Males of the damselfly family Calopterygidae are an excellent group to study the potential correlative evolution of wing shape and wing ornamentation for two main reasons. First, calopterygids show a wide variety of flight modes such as hunting, dispersal, territorial (threats, chasing, circling) and displaying flights (cross display, dive display, courtship arc) (e.g. Pajunen 1966; Waage 1973). Flight mode usually has a strong impact on wing shape (e.g. Betts and Wootton 1988; Berwaerts et al. 2006; DeVries et al. 2010), and therefore the wing shape differences among calopterygids (e.g. Sadeghi et al. 2009; Outomuro et al. 2012) might be related to flight to some degree. Second, the family Calopterygidae exhibit conspicuous ornaments on wings, in the form of wing pigmentation (Córdoba-Aguilar and Cordero-Rivera 2005). Interestingly, the conspicuousness of the wing pigmentation varies from one species to another, ranging from highly pigmented wings to almost complete hyaline wings (see “Materials and methods”).Wing pigmentation is based on melanin, which is costly to produce, condition-dependent and has been shown to be positively selected both in male–male territorial contests and by female choice (Grether 1996a; Hooper et al. 1999; Siva-Jothy 1999, 2000; Rantala et al. 2000; Córdoba-Aguilar 2002; Contreras-Garduño et al. 2006, 2008; Svensson et al. 2007). Further, it has been shown that the expression of wing pigmentation is correlated with wing shape in one species within this group of damselflies (Calopteryx virgo (Linnaeus, 1758): Outomuro and Johansson 2011). Hence, we have some direct and indirect evidence that biological diversification at the species level could be driven by wing pigmentation. Moreover, behavioral studies have shown that males of some taxa within this family have very conspicuous sexual displays towards the female during which hind wings are more involved in signaling than front wings (summarized in Table 1 in Outomuro et al. 2012). We might therefore expect shape of hind wings to evolve faster than shape of front wings, and such a pattern has been found in the European calopterygids (Outomuro et al. 2012). We also note that other selective pressures can also affect wing pigmentation. For example, bird predators select negatively wing pigmentation (Svensson and Friberg 2007; Rantala et al. 2011) and interactions between conspecific species may lead to wing pigmentation displacement (e.g. Tynkkynen et al. 2004; Anderson and Grether 2010).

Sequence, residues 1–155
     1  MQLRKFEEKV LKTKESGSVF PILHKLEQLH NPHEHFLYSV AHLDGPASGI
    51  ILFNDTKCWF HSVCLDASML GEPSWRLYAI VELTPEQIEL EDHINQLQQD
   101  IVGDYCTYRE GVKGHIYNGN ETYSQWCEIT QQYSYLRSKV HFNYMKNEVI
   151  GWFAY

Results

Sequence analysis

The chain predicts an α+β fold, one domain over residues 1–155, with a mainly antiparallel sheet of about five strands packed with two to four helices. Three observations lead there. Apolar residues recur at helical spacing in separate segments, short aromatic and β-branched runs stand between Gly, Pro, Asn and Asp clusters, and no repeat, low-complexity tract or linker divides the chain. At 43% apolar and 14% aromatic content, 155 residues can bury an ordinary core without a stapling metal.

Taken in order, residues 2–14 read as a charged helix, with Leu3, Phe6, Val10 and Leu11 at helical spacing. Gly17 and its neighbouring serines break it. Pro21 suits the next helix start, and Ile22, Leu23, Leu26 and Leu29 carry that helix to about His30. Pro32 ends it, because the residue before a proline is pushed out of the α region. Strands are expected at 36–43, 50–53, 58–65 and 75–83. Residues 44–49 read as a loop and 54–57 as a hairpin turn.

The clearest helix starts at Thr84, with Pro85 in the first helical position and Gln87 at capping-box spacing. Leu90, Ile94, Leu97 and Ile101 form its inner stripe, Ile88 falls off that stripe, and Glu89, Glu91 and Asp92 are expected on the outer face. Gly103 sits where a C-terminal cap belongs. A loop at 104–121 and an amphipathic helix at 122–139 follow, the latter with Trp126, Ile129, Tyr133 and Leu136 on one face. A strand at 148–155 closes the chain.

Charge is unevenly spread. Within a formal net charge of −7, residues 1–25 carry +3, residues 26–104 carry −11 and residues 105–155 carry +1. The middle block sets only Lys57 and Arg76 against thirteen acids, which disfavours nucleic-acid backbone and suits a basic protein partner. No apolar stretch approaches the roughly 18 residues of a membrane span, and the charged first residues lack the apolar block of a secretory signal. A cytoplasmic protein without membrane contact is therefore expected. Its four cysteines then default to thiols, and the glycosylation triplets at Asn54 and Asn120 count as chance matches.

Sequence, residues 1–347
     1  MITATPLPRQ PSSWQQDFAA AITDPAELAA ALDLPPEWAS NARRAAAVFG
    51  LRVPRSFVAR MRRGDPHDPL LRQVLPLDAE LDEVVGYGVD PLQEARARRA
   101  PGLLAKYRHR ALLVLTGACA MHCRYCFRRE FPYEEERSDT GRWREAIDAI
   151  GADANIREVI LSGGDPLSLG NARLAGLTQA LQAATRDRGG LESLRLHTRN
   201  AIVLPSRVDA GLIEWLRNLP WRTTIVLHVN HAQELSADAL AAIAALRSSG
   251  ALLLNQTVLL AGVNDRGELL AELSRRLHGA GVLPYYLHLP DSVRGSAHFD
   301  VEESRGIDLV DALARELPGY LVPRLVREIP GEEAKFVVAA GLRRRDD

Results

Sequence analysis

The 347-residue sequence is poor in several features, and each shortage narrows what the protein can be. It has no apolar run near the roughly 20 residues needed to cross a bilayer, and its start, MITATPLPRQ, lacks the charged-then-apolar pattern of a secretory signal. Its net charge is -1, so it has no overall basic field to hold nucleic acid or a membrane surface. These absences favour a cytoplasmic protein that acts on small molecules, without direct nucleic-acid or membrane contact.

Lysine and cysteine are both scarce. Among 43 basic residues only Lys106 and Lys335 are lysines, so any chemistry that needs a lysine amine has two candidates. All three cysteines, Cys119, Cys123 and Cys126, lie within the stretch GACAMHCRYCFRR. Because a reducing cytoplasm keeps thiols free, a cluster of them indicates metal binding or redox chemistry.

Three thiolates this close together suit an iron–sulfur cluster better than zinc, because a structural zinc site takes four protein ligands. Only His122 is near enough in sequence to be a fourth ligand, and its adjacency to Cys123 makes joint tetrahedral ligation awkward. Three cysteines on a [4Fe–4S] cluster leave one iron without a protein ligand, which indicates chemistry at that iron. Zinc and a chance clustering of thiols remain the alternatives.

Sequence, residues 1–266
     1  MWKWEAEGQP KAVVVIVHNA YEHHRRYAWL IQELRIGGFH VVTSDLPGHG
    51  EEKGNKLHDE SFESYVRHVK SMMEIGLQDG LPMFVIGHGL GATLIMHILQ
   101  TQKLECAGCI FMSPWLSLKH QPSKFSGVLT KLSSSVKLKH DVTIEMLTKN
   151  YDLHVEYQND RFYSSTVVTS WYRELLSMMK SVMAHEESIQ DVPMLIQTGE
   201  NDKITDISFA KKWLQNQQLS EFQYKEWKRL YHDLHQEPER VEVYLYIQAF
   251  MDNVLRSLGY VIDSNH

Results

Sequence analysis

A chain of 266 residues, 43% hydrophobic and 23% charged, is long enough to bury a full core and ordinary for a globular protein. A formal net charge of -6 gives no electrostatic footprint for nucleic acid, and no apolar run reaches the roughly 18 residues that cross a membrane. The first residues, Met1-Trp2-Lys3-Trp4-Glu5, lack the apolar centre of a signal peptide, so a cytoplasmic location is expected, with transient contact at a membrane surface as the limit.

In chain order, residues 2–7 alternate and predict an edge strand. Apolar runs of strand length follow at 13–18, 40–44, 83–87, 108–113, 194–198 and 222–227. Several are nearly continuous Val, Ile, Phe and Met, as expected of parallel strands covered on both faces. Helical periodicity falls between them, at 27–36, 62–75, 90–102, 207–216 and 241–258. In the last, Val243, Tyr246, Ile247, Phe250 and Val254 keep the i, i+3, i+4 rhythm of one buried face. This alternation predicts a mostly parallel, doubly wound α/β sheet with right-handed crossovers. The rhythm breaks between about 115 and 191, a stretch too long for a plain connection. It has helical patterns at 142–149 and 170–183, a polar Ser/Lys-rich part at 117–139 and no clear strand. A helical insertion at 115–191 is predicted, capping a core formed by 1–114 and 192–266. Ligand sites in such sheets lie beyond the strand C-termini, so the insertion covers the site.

Table 1

Study taxa from the damselfly family Calopterygidae, sample size (N front-/hind-wings) and assigned pigmentation group (front-/hind-wings)

Taxa

N

Pigmentation group

Archineura incarnata

8/8

1/1

Atrocalopteryx atrata

9/10

3/3

Caliphaea confusa

6/6

6/6

Calopteryx aequabilis

10/10

4/4

Calopteryx amata

5/5

6/5

Calopteryx cornelia

10/10

2/2

Calopteryx exul

6/6

6/6

Calopteryx haemorrhoidalis

10/10

3/3

Calopteryx maculata

10/10

3/3

Calopteryx splendens splendens

10/10

4/4

C. virgo meridionalis

10/10

3/3

C. virgo virgo

10/10

3/3

Calopteryx xanthostoma

10/10

4/4

Echo modesta

10/10

6/6

Hetaerina americana

10/10

1/1

Hetaerina titia

10/10

1/1

Matrona basilaris

10/10

3/3

Matronoides cyanipennis

5/7

3/3

Mnais andersoni

10/10

2/2

Mnais costalis

10/10

2/2

Mnais mneme

10/10

2/2

Mnais pruinosa

10/10

2/2

Mnais tenuis

10/10

2/2

Neurobasis chinensis

10/10

6/3

Phaon camerunensis

10/10

6/6

Phaon iridipennis

10/10

6/6

Phaon sp. from Madagascar

6/6

6/6

Psolodesmus mandarinus dorothea

6/6

5/5

Sapho bicolor

10/10

4/4

Sapho ciliata

10/8

3/3

Sapho gloriosa

5/7

3/3

Umma longistigma

10/10

6/6

Umma saphirina

10/10

6/6

Vestalis amoena

10/10

6/6

Vestalis gracilis

10/10

5/5

Vestalis lugens

10/10

3/3

If improved signaling represents an important selective force on male wing shape, males of calopterygid species with different kinds of wing pigmentation may be expected to exhibit different wing shapes. It is the relative wing pigmentation which is selected for and not the overall size of the patch itself (Grether 1996a, b; Siva-Jothy 1999; Córdoba-Aguilar 2002), since individuals with proportional larger wing pigmentation generally have a higher condition (Rantala et al. 2000; Contreras-Garduño et al. 2006). We could therefore hypothesize that the wing region with the pigmentation would be expected to be larger. For instance, species with a colored wing patch located at the wing base would be predicted to have a broader wing base.